Tags: order, food, water, addiction to food, additive, aging, air, almond milk, antibiotic resistance, antibiotics, anus, baby, bacteria, bowels, brushing, buttermilk, cancer-breeding, caplets, capsules, carrageenan, caries, cosmetics, dairy - dangers of, dairy-free, dental hygiene, dentist, disease, fat, feed lots, fermented foods, flossing, fluoride, fluoride toothpaste, From Mouth to Anus, fruit, fruit substitute, full fat content, gastrointestinal tract, gene-technologically inserted, gum disease, gut-healthy, H2-receptor blockers, heartburn, hormones, household cleaners, inflammatory, ingredients, inhumane animal husbandry, improved, Internet, intestinal health, kefir, kimchi, labels, live cultures, meat, medication, medicine, microbiome, milk, milk products, milk proteins, miso, Mother Earth, mouth, mouth mucosa, natural, neem-based, no man is an island, nursing home, odor, oral cavity: acidity, oral health, organic, pasteurizing, patient, physician, plaque, poisonous, pollutants, Prevacid, Prilosec, probiotic powder, probiotics, processed, proton-pump inhibitors, quest, sauerkraut, skin, soap, soil, skimmed, societies – "primitive”, sour cream, stomach ache, sugar, sugar-free, sweetener, swish & swallow, swishing, Tagamet, tapioca, teeth, teeth brushing, tooth powder, tempeh, yogurt, Zantac

Medicine, for me, is a quest for my healthier self, and healthier patients. I am learning something new every day. In a way, I feel sorry for my patients of so many years ago – now, I think, I could help them so much better.

This also implies that you – the patient – could possibly be a step ahead of your physician, if you are trying to figure out what makes your body feel better and stronger and more awake, and happier. With the Internet, we all have more information at our fingertips, flawed and good information, for sure – but more of the latter. If you ask me.

Take for instance the stomach problems that plagued me when I was younger. Setting out with conventional drugs like H2-receptor blockers (Tagamet, Zantac) and proton-pump inhibitors (Prilosec, Prevacid) years ago, I at least got the problem under control. Then, twenty years the, I found that at the root of my heartburn and stomach aches were allergies: I left out the offending foods – and I dropped all meds, and never looked back.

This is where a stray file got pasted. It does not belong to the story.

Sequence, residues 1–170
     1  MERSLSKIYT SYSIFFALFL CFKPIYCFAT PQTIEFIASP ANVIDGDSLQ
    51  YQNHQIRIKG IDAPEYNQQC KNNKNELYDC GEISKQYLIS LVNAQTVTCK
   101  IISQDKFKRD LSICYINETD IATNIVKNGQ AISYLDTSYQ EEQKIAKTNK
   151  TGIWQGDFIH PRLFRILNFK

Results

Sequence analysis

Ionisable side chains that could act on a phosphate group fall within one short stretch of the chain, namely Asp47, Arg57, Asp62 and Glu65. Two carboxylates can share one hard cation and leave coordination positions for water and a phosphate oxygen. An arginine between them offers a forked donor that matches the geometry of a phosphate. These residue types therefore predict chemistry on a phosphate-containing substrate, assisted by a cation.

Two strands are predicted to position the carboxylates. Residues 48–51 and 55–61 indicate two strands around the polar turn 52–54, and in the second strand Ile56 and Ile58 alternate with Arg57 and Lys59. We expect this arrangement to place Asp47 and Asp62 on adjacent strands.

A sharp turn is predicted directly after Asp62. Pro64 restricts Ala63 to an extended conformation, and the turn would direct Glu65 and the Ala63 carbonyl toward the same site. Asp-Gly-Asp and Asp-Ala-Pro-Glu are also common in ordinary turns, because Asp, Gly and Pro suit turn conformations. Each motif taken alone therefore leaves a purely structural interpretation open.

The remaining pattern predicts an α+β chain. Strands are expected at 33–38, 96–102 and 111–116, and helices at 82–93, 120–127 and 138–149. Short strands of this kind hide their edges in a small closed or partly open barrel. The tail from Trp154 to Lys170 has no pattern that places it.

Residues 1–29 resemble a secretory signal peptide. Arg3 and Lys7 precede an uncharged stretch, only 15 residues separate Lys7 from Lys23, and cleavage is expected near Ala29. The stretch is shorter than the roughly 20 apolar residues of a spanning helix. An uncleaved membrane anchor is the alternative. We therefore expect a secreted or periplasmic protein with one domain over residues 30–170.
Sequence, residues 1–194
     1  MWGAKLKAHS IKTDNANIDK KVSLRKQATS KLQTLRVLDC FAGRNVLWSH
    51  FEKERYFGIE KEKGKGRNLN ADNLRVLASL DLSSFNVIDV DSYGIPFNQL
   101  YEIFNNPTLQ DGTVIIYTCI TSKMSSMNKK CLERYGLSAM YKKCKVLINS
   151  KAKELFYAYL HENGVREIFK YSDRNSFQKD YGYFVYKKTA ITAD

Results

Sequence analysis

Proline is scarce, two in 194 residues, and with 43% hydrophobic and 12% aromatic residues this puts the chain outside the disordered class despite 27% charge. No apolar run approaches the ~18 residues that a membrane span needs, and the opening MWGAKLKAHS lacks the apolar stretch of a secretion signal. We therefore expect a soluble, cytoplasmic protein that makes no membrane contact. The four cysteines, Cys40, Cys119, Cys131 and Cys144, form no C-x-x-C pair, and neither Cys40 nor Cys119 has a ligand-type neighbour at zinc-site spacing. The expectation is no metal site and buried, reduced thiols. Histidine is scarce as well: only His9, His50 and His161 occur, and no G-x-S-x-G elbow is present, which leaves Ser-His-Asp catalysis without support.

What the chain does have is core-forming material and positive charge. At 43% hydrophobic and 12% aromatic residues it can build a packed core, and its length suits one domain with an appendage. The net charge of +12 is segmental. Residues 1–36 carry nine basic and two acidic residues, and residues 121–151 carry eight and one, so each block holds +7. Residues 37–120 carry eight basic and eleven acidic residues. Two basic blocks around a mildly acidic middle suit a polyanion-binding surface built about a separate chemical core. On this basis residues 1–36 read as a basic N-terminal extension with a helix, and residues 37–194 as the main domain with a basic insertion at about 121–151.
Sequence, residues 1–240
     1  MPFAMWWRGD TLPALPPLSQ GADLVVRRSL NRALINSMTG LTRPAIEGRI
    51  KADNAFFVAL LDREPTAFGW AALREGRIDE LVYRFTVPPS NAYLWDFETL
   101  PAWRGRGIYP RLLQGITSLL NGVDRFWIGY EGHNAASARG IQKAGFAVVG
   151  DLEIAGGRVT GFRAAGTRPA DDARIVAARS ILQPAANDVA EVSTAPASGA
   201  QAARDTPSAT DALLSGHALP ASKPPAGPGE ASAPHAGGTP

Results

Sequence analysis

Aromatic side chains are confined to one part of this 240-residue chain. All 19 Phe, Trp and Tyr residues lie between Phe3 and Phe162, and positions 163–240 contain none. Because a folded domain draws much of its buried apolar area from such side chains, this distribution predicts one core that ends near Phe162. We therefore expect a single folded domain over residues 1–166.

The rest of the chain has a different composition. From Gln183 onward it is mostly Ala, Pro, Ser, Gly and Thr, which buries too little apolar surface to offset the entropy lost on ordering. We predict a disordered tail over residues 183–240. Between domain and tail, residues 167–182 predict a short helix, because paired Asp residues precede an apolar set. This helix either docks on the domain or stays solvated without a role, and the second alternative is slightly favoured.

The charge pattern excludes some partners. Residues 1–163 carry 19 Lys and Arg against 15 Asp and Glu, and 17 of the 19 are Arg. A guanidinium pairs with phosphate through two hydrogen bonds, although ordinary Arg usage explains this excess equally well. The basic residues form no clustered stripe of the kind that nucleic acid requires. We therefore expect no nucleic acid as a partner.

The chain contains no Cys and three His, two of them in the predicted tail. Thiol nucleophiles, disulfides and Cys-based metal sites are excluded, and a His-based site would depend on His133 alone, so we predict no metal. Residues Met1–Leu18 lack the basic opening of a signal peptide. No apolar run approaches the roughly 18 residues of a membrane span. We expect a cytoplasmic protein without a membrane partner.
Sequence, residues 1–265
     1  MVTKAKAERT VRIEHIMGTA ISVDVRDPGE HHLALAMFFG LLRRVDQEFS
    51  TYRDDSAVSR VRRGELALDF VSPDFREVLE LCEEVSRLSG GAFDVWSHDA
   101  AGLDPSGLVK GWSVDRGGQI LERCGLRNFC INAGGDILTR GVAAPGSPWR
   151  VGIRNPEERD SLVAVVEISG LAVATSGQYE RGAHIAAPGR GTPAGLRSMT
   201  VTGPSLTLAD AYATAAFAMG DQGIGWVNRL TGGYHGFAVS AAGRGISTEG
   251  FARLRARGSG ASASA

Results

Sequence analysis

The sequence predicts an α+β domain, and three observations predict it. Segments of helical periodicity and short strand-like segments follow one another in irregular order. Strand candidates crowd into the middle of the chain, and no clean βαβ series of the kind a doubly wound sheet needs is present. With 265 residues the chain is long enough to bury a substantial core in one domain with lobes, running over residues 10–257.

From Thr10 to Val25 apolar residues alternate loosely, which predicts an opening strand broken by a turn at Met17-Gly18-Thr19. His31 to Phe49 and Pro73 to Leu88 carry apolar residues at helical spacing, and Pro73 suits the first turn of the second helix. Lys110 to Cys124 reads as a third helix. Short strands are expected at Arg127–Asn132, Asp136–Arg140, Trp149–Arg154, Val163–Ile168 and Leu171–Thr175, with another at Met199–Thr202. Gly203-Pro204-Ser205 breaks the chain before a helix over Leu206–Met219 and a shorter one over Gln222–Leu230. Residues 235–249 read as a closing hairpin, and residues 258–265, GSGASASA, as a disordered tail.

Forward a bit, and I discovered probiotics – bacteria that are helpful for the intestines. They improved my bowels, and I took them faithfully for many years. I still recommend them to nearly every patient I encounter. Many studies link probiotics to good clinical outcomes, even if we have not yet quite figured out all the intricacies of how they work. One thing is sure: What you eat helps or destroys the microbiome that coexists in your body. A microbiome is the whole entity of bacteria, good or bad, that thrives with you, in you, on you.

Don’t worry – the good guys are winning right now. Otherwise you would be dead. But that the good guys are winning is not guaranteed – it could change any moment. You could crowd out the good guys with sugar, or commercial dairy, or destroy them with a course of antibiotics) or meat from one of those inhumane, antibiotic-resistance breeding feed lots – the list is long how you can hurt your microbiome inside and outside; cosmetics and household cleaners are high on the list. But even if we did everything right in our personal lives, outside forces can destroy your good bacteria – pollutants in water, air and soil.

Not to be an alarmist, but no man is an island, and if we don’t preserve our Mother Earth, we surely can forget about the intricacies of feeding our coworkers - our good bacteria - the right amount of this and that.

Health comes down to the health of our gastrointestinal tract. Lately, I have found that probiotics can be applied not just as capsules or caplets, but as probiotic foods. A big group which I just mention in passing are fermented foods – sauerkraut, miso, kimchi, tempeh, and so on. “Fermented” can be taken as another word for “loaded with gut-healthy bacteria”.